Year:

Forthcoming articles
  1. Luca Ferrero (forthcoming). Decisions, Diachronic Autonomy, and the Division of Deliberative Labor. Philosophers' Imprint.
    1.1 A distinctive feature of our agency is the ability to bind our future conduct by making future-directed decisions. The bond of decisions is not one of mere physical constraint. A decision is not the trigger of some mechanism that takes control of the agent at the future time f and physically forces her to φ. When the agent φ’s out of her past decision to do so, she is in rational control of her conduct at the time of action.1 (...)
    Translate to English
    | Direct download  
     
    My bibliography  
     
    Export citation  
  2. Michelle Kosch (forthcoming). Practical Deliberation and the Voice of Conscience in Fichte's 1798 System of Ethics. Philosophers' Imprint.
    Translate to English
    | Direct download  
     
    My bibliography  
     
    Export citation  
  3. Susanna Rinard (forthcoming). A Decision Theory for Imprecise Credences. Philosophers' Imprint.
    Those who model doxastic states with a set of probability functions, rather than a single function, face a pressing challenge: can they provide a plausible decision theory compatible with their view? Adam Elga (2010) and others claim that they cannot, and that the set of functions model should be rejected for this reason. This paper aims to answer this challenge. The key insight is that the set of functions model can be seen as an instance of the supervaluationist approach to (...)
    Direct download  
     
    My bibliography  
     
    Export citation  
  4. Kieran Setiya (forthcoming). The Midlife Crisis. Philosophers' Imprint.
    Argues that philosophy can solve the midlife crisis, at least in one of its forms. This crisis turns on the exhaustibility of our ends. The solution is to value ends that are ‘atelic,’ so inexhaustible. Topics include: John Stuart Mill's nervous breakdown; Aristotle on the finality of the highest good; and Schopenhauer on the futility of desire.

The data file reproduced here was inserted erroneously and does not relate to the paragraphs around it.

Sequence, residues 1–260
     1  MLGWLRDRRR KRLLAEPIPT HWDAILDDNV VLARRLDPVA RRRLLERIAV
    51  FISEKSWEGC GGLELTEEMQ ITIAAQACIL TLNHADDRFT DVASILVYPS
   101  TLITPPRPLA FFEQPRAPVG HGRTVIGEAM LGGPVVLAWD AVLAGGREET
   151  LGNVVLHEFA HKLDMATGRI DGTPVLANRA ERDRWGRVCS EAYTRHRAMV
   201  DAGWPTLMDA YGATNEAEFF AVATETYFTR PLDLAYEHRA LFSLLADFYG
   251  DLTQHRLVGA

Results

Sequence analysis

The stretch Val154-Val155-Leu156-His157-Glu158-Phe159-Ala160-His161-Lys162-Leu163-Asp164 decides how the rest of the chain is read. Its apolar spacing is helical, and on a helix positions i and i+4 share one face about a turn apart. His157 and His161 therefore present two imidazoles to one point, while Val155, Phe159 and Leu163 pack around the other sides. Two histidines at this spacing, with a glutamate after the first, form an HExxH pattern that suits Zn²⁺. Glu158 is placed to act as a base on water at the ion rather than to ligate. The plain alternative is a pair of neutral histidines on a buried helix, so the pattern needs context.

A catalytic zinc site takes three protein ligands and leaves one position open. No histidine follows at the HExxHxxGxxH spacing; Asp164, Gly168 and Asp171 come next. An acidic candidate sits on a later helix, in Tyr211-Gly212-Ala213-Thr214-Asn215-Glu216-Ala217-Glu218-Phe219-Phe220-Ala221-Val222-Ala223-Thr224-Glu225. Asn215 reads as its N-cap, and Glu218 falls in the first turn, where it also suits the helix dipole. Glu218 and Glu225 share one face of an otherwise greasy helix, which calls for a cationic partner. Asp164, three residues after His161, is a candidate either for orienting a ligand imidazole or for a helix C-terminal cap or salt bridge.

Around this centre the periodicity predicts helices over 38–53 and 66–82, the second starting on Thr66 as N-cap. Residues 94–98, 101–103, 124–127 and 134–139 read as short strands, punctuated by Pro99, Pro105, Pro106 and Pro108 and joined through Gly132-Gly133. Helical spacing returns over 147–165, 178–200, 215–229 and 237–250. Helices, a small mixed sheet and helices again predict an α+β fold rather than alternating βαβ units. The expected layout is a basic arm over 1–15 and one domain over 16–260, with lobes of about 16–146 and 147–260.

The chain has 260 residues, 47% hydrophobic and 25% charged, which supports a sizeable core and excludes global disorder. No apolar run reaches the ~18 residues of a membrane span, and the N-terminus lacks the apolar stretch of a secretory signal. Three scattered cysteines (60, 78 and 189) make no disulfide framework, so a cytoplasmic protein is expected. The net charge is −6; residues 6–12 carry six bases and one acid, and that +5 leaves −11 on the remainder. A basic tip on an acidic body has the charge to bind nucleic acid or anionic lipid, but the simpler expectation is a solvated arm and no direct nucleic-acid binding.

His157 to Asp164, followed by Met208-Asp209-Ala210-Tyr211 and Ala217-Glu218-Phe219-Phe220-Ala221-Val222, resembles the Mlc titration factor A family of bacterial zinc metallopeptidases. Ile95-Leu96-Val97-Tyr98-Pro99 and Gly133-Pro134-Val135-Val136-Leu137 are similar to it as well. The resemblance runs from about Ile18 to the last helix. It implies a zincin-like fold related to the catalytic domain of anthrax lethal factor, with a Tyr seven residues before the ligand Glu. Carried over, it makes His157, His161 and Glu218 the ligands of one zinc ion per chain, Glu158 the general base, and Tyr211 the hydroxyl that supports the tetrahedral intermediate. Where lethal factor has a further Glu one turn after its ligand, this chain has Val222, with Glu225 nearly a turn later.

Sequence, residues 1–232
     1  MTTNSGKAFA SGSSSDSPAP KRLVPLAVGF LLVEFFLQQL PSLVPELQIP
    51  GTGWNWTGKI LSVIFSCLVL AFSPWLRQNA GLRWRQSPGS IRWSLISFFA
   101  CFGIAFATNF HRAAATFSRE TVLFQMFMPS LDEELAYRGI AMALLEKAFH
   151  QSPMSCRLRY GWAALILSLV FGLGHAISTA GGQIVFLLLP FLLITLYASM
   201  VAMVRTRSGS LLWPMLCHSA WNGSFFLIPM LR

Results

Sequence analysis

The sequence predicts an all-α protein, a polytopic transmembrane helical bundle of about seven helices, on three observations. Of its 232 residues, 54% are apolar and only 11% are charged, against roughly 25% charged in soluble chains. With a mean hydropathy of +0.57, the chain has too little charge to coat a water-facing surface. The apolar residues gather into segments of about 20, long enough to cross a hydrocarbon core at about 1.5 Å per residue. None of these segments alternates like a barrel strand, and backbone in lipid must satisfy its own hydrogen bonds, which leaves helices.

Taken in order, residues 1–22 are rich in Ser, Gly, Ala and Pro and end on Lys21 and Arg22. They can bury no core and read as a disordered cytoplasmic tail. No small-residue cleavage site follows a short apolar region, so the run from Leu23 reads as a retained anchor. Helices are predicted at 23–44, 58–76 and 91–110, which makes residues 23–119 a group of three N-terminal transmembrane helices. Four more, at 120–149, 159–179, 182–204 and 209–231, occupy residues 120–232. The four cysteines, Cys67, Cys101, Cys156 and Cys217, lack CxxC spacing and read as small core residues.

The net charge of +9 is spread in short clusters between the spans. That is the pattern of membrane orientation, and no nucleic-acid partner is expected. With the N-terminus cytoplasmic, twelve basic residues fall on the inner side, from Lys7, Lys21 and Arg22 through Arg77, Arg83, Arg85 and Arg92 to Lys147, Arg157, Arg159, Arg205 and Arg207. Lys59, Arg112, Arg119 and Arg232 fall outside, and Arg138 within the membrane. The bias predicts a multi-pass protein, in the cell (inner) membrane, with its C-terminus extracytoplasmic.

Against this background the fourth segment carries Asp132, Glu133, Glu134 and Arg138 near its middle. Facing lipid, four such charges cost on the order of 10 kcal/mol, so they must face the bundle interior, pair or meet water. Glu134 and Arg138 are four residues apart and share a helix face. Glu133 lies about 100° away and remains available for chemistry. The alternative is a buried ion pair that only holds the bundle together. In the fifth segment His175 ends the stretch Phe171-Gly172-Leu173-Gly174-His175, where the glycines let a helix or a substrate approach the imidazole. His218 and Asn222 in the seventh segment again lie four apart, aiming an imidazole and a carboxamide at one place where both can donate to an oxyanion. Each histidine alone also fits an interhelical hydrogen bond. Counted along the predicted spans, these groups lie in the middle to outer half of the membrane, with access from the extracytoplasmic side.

Translate to English
    | Direct download  
     
    My bibliography  
     
    Export citation  
  5. Nicholas Stang (forthcoming). Who's Afraid of Double Affection? Philosophers' Imprint.
    There is substantial textual evidence that Kant held the doctrine of double affection: subjects are causally affected both by things in themselves and by appearances. However, Kant commentators have been loath to attribute this view to him, for the doctrine of double affection is widely thought to face insuperable problems. I begin by explaining what I take to be the most serious problem faced by the doctrine of double affection: appearances cannot cause the very experience in virtue of which they (...)
    Translate to English
    | Direct download  
     
    My bibliography  
     
    Export citation  
  6. Owen Ware (forthcoming). Rethinking Kant's Fact of Reason. Philosophers' Imprint.
    Kant’s doctrine of the Fact of Reason is one of the most perplexing aspects of his moral philosophy. The aim of this paper is to defend Kant’s doctrine from the common charge of dogmatism. My defense turns on a previously unexplored analogy to the notion of ‘matters of fact’ popularized by members of the Royal Society in the seventeenth century. In their work, ‘facts’ were beyond doubt, often referring to experimental effects one could witness first hand. While Kant uses the (...)
    Direct download  
     
    My bibliography  
     
    Export citation  
  7. Joshua Wilburn (forthcoming). Courage and the Spirited Part of the Soul in Plato's Republic. Philosophers' Imprint.
    In this paper I argue that the Republic’s account of courage remains committed to the view that knowledge, or even true belief, about how it is best to act is sufficient for correct behavior. I thus defend continuity between the Republic’s account of courage and that found in the Protagoras. I suggest that in the Republic Plato attempts to identify a psychic source of stability for belief, the spirited part of the soul, whose function in the virtue of courage is (...)
     
    My bibliography  
     
    Export citation